It’s a method, which is a block of code that only executes if someone else “calls” it. Calling SetHat(15) is like typing 15 into your calculator and then pressing the square root, except instead of the square root, the method changes the color of your hat. “It assumes that you already know who hat to wear, but the color changes,” says Khan. Color options are stored as integer values because it’s much easier than asking the computer to analyze or interpret a color name written as a word.
Then the code transforms the color code integer into something that performs the change in the Unity engine. This change actually applies the correct visual information to the art depicted in the game. doesn’t seem frozen – to load the ‘view data’ for the hat”, says Khan. “Once we loaded the texture, we finally used the color ID that was passed to us in order to color the hat appropriately.”
Games, especially multiplayer online games, always balance many streams of information at the same time. And this is also true for most other uses of computing. We see all of our open applications or windows and think of them as separate streams all happening at once, but that’s because of programming staggering the “next step” of each process so that everything appears to be uniform. In reality, it’s more like strumming a guitar: technically, you strike one string at a time very close together, creating the sound of a chord.
Among us has over 300 hats, and they are a big part of the game’s financial model. The Android app is free, and other versions of the game are quite inexpensive. but all players can pay for in-game currency which can be used to purchase themed cosmetic packs for seasons, holidays, and other special events. “The most fun thing about the hats personally is seeing all the pun-based names for them,” Khan says. “I really wanted to find a good pun to say that, but I couldn’t.” (A good pun is hard to top.)
Hats are fun, but there’s a big downside, says Khan. “One of the challenges is memory management. Many older mobile devices cannot load too many in-game assets at once, which has led to crashing issues for some users. It’s something we need to be aware of whenever we add new cosmetics of any type, hat or not,” she says. And that makes sense, because the more complex a gaming experience becomes and the more art is used and managed during gameplay, the greater the strain on the computer’s CPU and memory that power the device.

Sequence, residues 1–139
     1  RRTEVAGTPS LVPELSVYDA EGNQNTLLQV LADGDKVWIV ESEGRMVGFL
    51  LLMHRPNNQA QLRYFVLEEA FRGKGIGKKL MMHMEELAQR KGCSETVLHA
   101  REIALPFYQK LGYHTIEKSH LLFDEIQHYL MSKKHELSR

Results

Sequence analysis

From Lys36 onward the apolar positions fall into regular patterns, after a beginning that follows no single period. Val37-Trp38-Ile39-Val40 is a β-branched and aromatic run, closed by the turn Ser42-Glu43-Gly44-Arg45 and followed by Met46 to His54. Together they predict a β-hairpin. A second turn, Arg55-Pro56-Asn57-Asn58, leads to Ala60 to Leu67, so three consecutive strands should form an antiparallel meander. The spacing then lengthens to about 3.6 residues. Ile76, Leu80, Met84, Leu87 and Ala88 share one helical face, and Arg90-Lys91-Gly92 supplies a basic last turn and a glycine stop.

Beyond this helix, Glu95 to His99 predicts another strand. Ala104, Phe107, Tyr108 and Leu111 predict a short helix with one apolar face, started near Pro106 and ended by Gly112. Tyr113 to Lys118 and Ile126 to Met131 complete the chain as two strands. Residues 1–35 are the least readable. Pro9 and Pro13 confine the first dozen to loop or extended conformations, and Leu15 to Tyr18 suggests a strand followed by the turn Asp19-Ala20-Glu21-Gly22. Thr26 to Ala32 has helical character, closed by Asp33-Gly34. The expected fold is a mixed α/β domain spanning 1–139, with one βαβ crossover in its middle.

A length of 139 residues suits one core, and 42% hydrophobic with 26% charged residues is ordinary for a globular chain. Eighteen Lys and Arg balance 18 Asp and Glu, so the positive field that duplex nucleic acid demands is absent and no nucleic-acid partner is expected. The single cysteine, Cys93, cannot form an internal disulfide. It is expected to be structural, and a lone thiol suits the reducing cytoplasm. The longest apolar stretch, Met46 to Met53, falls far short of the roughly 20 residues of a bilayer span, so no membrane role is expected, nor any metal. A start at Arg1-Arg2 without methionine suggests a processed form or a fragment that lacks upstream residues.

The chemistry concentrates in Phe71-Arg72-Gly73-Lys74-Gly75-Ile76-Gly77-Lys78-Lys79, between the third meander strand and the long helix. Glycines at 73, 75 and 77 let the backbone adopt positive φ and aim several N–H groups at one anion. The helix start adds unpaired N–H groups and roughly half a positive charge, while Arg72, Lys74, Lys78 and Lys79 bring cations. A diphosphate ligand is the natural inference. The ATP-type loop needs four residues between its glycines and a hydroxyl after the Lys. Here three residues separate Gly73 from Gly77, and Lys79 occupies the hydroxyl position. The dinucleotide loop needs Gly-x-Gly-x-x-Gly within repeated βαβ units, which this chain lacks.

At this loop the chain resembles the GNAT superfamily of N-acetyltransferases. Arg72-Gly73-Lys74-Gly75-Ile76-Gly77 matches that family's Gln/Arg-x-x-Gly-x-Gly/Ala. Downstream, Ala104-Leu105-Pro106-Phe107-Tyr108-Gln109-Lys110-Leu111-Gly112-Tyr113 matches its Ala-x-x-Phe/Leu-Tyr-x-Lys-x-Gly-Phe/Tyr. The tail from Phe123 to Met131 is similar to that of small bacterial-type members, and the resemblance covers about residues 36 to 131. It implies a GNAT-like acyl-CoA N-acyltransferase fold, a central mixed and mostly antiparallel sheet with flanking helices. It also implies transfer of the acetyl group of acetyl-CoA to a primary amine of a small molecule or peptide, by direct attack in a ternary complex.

If ever a change were made to the SetHat method above, there is a very specific process to introduce the change to the code, and eventually to the players. Khan would make the change locally on his own machine and then test it. (Tests aren’t just one step or place in the process – half a dozen different types of tests exist, and some are used multiple times during development.) From there, new code would be loaded in files shared in Innersloth’s GitHub, an online service that tracks software changes and releases.
“Every night we have an automated system that takes our working codebase and creates an executable or ‘build’ from it for various platforms like Steam, Android, etc.,” says Khan. “The next morning, these constructions will be ready for our [quality assurance (QA)] team to test it. If it passes their tests, the change is considered working and ready for the next update.
Sometimes the changes are urgent, like new code that fixes an error that is crashing the game. Other times the code is for performance improvements, new features, or fixes for esoteric bugs and uncommon that do not have the same urgency. Development teams decide together when they want to schedule updated versions of their software. It can also be deployed at different times across platforms.
Khan had some coding jobs before working on Among us, including six years as a Unity developer at a mobile game company. She says she was surprised at how cool the Innersloth team is, which is always a good thing in a job. “I think the main thing that surprised me was how great the team is and how much fun we all have working together,” she says. “It sounds very corny, but it’s true.”